Take for example the woodland border. Since discovering snowdrops and snakehead fritilaria do well in such positions I have been adding more common snowdrops to this area each spring by dividing existing clumps. A few more have been moved here this last of week. A single clump of fritilaria have survived 3 winters on the trot so I know I will be safe to add more of these. If I don't manage to source some pots over the next couple of weeks I will add more in autumn. I trialed some narcissus here last year, N. Jack Snipe to be precise and they too have reappeared, although not in bloom yet.
|Hellebores, Crocus and Snowdrops in the woodland|
|Narcissus Tete a Tete and large dutch crocus. C. Jeanne D/arc and Pickwick|
Primula Drumcliff in the centre
Perfectly framed more N. Tete a Tete, common snowdrops and an unnamed oriental hybrid Hellebore in the shady bed. I was weeding nearby and this little grouping caught my eye. The common snowdrops in this bed are the first I brought to the garden. A handful of bulbs in the green given to me by a friend of my mum. All the other are descended from these 3 clumps. There are singles and doubles mingling together.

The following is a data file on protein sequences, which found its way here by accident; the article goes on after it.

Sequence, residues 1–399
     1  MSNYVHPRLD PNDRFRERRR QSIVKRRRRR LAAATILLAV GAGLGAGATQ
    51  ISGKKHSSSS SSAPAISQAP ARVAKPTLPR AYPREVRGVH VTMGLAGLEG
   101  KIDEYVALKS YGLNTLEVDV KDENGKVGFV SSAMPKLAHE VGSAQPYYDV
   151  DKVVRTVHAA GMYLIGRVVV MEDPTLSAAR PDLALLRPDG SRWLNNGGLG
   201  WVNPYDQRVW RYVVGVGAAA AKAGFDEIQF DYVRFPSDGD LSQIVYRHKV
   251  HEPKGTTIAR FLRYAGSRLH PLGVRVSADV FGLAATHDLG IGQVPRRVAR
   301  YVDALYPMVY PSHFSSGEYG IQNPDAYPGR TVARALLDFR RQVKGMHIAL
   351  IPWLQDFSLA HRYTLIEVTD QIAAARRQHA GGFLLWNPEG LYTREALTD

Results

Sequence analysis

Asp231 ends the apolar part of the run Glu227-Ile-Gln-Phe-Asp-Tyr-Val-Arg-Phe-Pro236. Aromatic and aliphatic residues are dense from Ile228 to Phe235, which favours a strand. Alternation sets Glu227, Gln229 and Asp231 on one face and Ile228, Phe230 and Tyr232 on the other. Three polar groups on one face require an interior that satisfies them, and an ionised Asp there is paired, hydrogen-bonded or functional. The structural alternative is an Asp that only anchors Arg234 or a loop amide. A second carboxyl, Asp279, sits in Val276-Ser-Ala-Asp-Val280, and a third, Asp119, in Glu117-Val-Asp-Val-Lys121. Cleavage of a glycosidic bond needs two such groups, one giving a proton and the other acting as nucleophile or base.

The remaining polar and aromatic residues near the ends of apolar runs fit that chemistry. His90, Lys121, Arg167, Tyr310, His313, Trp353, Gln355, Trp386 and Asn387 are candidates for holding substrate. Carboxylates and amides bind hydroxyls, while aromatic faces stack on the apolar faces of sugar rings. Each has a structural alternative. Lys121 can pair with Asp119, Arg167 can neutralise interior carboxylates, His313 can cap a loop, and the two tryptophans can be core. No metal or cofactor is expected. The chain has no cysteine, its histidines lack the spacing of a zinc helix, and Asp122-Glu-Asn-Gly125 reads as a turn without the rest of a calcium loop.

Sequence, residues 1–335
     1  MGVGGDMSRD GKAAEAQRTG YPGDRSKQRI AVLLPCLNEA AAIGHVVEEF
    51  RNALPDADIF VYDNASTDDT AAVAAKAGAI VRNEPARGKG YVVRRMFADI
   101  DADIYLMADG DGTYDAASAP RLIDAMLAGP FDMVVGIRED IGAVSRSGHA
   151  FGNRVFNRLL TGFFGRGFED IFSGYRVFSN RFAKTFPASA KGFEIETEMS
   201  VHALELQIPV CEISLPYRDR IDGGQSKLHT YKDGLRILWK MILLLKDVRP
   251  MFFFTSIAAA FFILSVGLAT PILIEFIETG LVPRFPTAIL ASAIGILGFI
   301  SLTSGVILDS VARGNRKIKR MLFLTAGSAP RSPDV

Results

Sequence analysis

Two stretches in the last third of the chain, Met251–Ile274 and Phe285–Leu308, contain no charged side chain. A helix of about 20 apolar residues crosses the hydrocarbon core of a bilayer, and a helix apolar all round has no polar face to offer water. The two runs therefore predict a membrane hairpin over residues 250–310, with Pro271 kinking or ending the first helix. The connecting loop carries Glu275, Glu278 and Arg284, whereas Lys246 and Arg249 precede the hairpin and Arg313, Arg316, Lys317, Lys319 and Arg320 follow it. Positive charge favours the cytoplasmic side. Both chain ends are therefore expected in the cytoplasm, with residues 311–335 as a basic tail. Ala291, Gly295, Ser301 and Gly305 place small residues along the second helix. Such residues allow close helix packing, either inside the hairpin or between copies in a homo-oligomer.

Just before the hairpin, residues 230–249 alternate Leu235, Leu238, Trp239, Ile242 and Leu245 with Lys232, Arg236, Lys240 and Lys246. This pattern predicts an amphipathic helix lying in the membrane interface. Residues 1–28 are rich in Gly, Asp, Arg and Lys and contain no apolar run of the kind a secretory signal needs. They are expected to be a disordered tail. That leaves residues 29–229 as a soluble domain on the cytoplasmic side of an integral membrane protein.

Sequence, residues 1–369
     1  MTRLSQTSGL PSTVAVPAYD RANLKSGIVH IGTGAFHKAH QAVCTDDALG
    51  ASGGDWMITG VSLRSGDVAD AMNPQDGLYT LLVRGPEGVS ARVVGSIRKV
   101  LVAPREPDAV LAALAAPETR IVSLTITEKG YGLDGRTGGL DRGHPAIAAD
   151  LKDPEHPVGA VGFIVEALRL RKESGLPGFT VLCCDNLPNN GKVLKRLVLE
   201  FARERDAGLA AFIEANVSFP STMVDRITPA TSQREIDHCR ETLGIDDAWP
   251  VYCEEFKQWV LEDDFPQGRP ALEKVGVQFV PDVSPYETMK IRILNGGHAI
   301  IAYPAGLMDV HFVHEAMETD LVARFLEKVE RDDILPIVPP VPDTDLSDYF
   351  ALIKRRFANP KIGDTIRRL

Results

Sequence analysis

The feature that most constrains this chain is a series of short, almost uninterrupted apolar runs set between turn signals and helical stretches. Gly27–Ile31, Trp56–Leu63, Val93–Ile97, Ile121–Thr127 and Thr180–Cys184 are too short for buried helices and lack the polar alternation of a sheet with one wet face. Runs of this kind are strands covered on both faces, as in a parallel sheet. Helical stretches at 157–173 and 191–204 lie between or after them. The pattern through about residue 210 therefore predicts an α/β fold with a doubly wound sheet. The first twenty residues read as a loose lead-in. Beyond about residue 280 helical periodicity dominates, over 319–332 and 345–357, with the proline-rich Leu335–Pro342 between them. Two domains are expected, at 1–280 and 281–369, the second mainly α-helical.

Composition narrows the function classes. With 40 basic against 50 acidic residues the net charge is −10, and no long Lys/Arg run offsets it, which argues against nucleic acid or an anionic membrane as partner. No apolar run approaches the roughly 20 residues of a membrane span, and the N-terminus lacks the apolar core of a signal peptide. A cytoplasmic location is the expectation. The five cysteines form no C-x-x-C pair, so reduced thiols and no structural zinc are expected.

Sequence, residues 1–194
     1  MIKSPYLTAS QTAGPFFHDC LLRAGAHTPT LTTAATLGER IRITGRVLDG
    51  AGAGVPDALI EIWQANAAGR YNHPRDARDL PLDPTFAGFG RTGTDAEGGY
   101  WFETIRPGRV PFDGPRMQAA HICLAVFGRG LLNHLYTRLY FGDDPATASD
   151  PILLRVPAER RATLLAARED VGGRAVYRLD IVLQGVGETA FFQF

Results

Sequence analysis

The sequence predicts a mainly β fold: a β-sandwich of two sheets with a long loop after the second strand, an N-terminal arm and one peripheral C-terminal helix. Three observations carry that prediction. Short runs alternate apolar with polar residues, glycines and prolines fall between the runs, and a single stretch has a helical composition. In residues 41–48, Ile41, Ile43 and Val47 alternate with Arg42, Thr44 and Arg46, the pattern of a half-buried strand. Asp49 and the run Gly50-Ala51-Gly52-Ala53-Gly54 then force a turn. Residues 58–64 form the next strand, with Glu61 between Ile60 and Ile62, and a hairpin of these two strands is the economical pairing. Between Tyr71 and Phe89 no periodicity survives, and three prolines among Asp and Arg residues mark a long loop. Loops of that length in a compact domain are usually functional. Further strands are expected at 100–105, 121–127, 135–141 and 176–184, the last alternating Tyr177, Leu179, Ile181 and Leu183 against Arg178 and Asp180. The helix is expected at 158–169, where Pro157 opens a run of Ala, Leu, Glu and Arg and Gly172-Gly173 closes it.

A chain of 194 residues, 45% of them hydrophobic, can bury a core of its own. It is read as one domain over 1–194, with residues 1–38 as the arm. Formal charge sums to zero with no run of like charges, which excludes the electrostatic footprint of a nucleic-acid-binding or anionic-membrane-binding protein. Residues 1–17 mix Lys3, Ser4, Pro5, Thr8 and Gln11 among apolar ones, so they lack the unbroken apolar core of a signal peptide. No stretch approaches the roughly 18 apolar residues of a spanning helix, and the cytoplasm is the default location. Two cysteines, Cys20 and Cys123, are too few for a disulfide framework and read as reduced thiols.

Also in this bed, edging the entire border, are the last of my specials to bloom this year. If you look closely you can see the different characteristics of each variety.
|Galanthus Augustus, Blonde Inge, Brenda Troyle and Viridipice|
I added some deep purple Crocus to turn this Hellebore/Snowdrop partnership into an eye catching trio. The crocus really stand out against the white blooms. They came labelled only as Crocus, I have no idea which variety they are. They are as large as the other dutch Crocus growing nearby so am wondering if they may be Crocus vernus Remembrance.
|Hillier hybrid Hellebore, Galanthus nivalis and Crocus .|
|Crocus biflorus Blue Pearl and Saxifraga burseriana Gloria|
|Galanthus Spindlestone Surprise, Crocus chrysanthus Romance and Erathis cilicica|
All the Eranthis in the garden were added in the green, which I believe is the best way to introduce them to your garden, last year. Thus far more than half of them have reappeared - I hope the remainder are just slow off the mark.
|Corydalis Purple Bird, malkensis, First Kiss and Beth Evans|
|Asplenium scolopendrium, Cyclamen hederifolium and Crocus chrysanthus|
|Crocus sieberi Spring Beauty|
|Helleborus orientalis Anna's Red|
|Helleborues orientalis Cinderella|